A Letter to the Class of 2016;
Diversity; Campus Planning; Thanks
Greetings to you the graduates – and to your families!
We join with the thousands of family members and friends gathered for Commencement, in sharing the excitement of your graduation. MIT’s faculty both respect and take pride in your accomplishments as MIT’s new class of 2016. Teaching and mentoring you has been a source of deep satisfaction for us, and we have also learned and grown and received new insights in the process. As you take the next steps along career paths, your contributions to your communities and to humanity will be among the most gratifying outcomes of our academic labors.
We hope you will look back on your years at the Institute with a positive feeling, and sense that your presence contributed to enhancing the MIT environment and experience for the coming classes. Note that by remaining active as alumni you can continue to influence the MIT environment. As you move on to other opportunities and challenges, MIT and other universities are in the midst of a vigorous and healthy reexamination of how and what and when we teach.
You will be entering a world where new forms of social communication, new needs for research and scholarship, and global interconnectedness and interactions are the norm. Issues such as climate change, nuclear disarmament, and reducing global poverty, once in the distance, have now established themselves as requiring the urgent attention of us all. Instabilities in nations that may have once seemed very far away now emerge as problems that the world – and this nation – cannot ignore.
During your years with us, we on the faculty have watched the unfolding of your many talents and ambitions, your resilience in the face of setbacks, your thoughtful and quirky self-expression, your creative and entrepreneurial energy, and your myriad achievements. We hope that as your various individual paths unfold, you will put your powers to work on solving some of the problems that confront us, and on making our society more responsibly productive and more supportive to those in need. On behalf of the entire faculty, we wish you vision, strength, commitment, success and much happiness in addressing these challenges.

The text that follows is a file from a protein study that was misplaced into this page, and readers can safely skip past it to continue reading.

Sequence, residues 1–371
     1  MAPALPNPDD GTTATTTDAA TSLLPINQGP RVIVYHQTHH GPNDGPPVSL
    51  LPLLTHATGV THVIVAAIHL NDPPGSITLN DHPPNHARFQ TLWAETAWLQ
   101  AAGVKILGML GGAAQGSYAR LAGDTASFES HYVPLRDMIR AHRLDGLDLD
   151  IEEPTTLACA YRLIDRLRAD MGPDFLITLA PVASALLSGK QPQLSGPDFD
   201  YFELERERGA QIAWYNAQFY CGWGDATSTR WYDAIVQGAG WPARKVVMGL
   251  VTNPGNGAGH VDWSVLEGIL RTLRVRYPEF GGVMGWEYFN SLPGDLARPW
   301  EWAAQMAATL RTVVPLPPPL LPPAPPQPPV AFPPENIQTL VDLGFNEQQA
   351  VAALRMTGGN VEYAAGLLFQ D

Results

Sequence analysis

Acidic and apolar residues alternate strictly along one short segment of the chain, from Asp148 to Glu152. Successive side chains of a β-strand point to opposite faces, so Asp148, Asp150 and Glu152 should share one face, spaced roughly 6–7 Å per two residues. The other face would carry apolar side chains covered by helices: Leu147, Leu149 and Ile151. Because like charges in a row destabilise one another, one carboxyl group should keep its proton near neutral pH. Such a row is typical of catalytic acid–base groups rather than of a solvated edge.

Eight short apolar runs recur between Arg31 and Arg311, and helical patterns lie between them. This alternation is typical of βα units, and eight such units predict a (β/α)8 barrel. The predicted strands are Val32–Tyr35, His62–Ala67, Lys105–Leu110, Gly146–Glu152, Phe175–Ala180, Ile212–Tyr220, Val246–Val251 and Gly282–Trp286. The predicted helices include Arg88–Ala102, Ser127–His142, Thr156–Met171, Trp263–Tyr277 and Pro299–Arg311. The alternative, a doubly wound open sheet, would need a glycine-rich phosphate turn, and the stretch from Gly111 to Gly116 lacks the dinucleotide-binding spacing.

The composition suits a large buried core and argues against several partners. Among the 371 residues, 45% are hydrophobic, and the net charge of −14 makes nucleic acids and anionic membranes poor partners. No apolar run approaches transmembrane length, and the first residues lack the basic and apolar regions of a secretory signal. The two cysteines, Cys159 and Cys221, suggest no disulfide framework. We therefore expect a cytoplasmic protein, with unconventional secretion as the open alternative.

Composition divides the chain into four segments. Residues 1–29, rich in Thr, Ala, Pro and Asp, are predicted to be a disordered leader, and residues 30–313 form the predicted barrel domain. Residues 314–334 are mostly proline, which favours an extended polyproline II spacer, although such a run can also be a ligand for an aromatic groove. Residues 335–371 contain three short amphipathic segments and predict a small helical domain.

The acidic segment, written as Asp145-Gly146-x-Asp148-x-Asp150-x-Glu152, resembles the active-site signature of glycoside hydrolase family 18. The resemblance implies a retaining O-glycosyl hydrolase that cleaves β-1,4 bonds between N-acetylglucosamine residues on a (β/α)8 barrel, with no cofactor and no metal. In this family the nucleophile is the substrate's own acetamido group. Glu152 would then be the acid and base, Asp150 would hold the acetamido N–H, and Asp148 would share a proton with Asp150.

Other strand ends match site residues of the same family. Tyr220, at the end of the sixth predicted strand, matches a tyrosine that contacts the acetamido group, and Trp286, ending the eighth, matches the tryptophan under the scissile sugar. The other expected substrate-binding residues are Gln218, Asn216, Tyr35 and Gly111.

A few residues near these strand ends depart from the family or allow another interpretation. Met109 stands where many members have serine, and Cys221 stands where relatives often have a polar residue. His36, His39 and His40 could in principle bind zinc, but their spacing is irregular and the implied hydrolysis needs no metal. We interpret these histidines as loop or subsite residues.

The Editorial Board of the MIT Faculty Newsletter
The diversity of our community continues to be a matter of great importance. It has been 12 years since the passing of a resolution that called for doubling the percentage of URM (Underrepresented Minority) faculty and tripling the percentage of URM graduate students. We applaud the members of our community as well as the leaders for their persistent hard work in reaching MIT’s diversity goals. The report delivered at the November Institute faculty meeting “Update on Faculty Diversity” by Provost Martin Schmidt notes that MIT has reached its initial goal in doubling the percentage of URM faculty. However, this has not been uniform across departments and some have a ways to go. Women and underrepresented minorities remain underrepresented on our faculty, and we support the call from, for example, MIT’s black student groups [from “Report on the Initiative for Faculty Race and Diversity”] to continue to press forward on these fronts. The detailed proposals of the ICEO report provide a template for action.